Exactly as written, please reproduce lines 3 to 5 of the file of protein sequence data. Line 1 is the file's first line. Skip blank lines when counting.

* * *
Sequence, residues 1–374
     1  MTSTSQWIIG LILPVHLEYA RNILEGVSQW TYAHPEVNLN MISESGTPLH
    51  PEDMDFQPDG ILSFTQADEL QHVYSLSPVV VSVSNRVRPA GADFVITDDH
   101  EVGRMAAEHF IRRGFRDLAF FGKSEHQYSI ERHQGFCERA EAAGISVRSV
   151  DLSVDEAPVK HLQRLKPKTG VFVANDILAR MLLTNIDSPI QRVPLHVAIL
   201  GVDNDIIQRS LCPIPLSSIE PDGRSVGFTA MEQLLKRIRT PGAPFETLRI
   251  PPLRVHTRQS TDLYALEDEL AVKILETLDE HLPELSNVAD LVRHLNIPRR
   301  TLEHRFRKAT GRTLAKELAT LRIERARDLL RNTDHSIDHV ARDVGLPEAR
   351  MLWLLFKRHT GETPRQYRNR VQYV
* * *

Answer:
    51  PEDMDFQPDG ILSFTQADEL QHVYSLSPVV VSVSNRVRPA GADFVITDDH
   101  EVGRMAAEHF IRRGFRDLAF FGKSEHQYSI ERHQGFCERA EAAGISVRSV
   151  DLSVDEAPVK HLQRLKPKTG VFVANDILAR MLLTNIDSPI QRVPLHVAIL